Modern Jazz Guitar Chords
Hey everyone! Marc here today with a lesson on quartal harmony for jazz guitar. If you have some knowledge of music theory, you probably already know that chords are typically built in thirds. The chords we'll be discussing are built in fourths. These chords actually yield some really hip sounds and are very easy to grab. In this lesson, we'll be discussing the fundamentals of these chords and how to use them.
How It Works
As mentioned, we build the basic triads using thirds. For example, to build a C major chord, we'll go from C to E then from E to G.
C - major 3rd - E - minor 3rd - G
Instead of stacking in 3rds as is most common in western harmony, we're going to do it in fourths. In the following section, we'll provide the first voicing and how to derive chord scales from it.
Quartal Harmony: Chord Scales
In this section, we're going to give you one voicing and show you how you can take it through the key to come up with all these different shapes.
Here is the first voicing. This one is very simple. We're working in the key of C major and stacking fourths. In this case, that gives us D, G, and C.
Next, let's take that through the scale. Let's see how that looks. Also, make sure to keep in mind that sometimes we're going to get augmented fourths. This is also known as a tritone.
Pretty cool sound, right? One thing I love about these voicings is that no matter where you are within the chord scale, you are accessing chord tones and some sort of extension in one way or another. It's pretty easy to see why these are so handy!
Inversions? Well, sorta...
Next, let's try inverting this shape. We'll move the D an octave up. This leaves us with G as the bottom note, and you get a nice second interval at the top of the voicing. Check it out!
Beautiful sound, isn't it? Now, as you did with the previous example, take this one through the key of C major.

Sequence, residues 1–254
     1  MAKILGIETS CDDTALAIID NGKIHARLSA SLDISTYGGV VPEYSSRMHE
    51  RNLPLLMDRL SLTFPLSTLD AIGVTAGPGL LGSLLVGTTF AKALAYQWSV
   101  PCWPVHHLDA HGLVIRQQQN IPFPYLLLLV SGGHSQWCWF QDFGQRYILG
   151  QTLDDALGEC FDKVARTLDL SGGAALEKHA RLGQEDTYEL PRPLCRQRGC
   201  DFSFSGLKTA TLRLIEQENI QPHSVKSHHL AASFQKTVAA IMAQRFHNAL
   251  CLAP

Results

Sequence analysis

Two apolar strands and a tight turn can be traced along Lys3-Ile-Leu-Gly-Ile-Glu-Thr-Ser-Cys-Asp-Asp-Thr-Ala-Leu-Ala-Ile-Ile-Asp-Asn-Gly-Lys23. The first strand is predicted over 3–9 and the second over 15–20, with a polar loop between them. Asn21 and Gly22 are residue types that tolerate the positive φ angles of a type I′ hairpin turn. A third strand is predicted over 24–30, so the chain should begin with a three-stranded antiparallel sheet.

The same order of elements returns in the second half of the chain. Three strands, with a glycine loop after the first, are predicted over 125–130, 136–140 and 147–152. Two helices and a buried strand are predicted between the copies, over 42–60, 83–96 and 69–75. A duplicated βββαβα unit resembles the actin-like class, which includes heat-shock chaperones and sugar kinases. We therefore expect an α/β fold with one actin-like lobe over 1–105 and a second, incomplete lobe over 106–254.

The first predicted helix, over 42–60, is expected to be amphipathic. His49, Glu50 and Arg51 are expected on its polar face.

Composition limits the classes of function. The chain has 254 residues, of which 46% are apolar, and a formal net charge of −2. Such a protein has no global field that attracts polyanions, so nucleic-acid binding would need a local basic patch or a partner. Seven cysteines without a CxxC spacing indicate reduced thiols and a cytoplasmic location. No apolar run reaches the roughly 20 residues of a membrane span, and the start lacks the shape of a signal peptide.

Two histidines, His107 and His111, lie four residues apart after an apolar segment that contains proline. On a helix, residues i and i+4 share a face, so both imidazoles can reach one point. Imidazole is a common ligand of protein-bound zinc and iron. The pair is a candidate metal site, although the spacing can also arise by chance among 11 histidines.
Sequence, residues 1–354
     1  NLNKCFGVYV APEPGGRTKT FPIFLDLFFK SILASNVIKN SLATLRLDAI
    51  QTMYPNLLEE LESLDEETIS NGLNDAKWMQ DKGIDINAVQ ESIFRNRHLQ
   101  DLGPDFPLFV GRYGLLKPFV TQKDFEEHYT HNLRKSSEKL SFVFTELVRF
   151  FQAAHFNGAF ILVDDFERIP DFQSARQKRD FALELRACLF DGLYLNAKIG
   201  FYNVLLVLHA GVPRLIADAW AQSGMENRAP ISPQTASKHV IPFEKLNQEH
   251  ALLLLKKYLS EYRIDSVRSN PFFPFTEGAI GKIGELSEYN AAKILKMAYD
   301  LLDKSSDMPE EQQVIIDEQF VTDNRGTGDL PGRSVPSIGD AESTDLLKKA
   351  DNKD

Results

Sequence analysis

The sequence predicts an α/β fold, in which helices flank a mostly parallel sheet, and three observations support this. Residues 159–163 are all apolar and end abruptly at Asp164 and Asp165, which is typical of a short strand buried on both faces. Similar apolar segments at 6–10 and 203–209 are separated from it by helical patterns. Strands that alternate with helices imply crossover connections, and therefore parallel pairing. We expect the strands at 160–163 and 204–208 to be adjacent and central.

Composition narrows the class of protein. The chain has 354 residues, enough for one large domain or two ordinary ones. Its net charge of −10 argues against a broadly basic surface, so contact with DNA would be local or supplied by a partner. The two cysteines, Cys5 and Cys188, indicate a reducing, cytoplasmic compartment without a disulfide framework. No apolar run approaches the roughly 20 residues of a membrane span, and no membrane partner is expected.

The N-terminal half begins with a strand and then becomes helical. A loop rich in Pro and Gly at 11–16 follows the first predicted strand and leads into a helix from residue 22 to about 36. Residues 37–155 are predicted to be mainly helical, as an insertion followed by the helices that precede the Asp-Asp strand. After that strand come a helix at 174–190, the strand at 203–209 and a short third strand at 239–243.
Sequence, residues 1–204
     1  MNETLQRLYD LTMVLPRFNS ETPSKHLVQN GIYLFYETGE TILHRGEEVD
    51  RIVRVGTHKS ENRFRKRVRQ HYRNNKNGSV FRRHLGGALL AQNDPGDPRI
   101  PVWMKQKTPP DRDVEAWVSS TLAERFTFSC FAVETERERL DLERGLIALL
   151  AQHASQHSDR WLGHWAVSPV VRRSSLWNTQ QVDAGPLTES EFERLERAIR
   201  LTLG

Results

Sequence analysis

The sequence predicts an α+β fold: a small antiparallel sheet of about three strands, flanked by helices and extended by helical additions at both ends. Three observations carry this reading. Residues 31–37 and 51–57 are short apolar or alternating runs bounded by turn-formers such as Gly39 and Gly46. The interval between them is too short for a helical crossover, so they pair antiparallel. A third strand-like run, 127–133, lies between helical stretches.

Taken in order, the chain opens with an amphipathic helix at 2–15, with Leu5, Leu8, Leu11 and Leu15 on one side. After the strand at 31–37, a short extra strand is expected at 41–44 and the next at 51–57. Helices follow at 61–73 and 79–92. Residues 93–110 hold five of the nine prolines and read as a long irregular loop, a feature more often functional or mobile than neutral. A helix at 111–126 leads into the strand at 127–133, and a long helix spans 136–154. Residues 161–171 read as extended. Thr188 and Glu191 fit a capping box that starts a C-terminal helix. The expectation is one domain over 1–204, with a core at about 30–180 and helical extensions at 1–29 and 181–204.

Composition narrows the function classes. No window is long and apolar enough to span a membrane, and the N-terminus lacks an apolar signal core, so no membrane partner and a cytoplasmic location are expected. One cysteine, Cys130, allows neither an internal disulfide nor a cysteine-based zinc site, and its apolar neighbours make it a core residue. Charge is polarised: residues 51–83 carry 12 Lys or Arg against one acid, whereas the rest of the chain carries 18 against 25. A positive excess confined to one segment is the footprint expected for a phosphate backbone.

Let's go over one more "inversion."
I'm a big fan of this one! Once again, we'll take through the chord scale in C major.
Expanding On the Concept
In this section, we're going to explore practical applications for the modes we learned in the previous video. We'll discuss how to use them over a given harmonic framework.
So, let's say we have a Cm7 chord which we will be treating as a Dorian sound. We're going to use the top note as our "guide" so to speak and build a little chord scale based on C minor pentatonic with some fourths voicings.
The only note we aren't using one of these fourth shapes on is the G note, which is the 5th. For this one, we'll simply use the upper structure of a Cm7 chord which is simply an Eb major triad.
Here are three options that you can try over C7.
We are only sticking with three choices here. There are more options available and you can explore them at your own pace, but keep in mind that sometimes they won't yield desirable results. You'll have to use your ears and your best discretion. :)
Lastly, we're going to apply this to a major 7th chord, and we'll make use of the #11 extension here for some fun color. Basically, we'll use every fourth shape in G major except for F. Doing these based on G major gives us a Lydian sound which gives us access to the #11. Let's see what that looks like!
In closing, the important thing here is that you explore these applications yourself and see what works best for you. I would suggest taking these shapes and applying them to tunes right away. Further, you don't have to stick to only II-V-I progressions. You can use these shapes on IV to IVm, I VIm IIm V7, and just about any progression that you find in jazz. These are a great way to add some instant modern flair to your accompaniment.
Now it's your turn to try. Experiment with this in your own comping and chord melody playing.
If you’re having trouble with any of the terminology used here, we’ve got our covered with our Comping 101 course.
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Please comment below with your questions and comments. Feel free to share your ideas with us about playing faster. See you soon!
Marc-Andre Seguin is the webmaster, mastermind and teacher on JazzGuitarLessons.net, the #1 online resource for learning how to play jazz guitar. He draws from his experience both as a professional jazz guitarist and professional jazz teacher to help thousands of people from all around the world learn the craft of jazz guitar.
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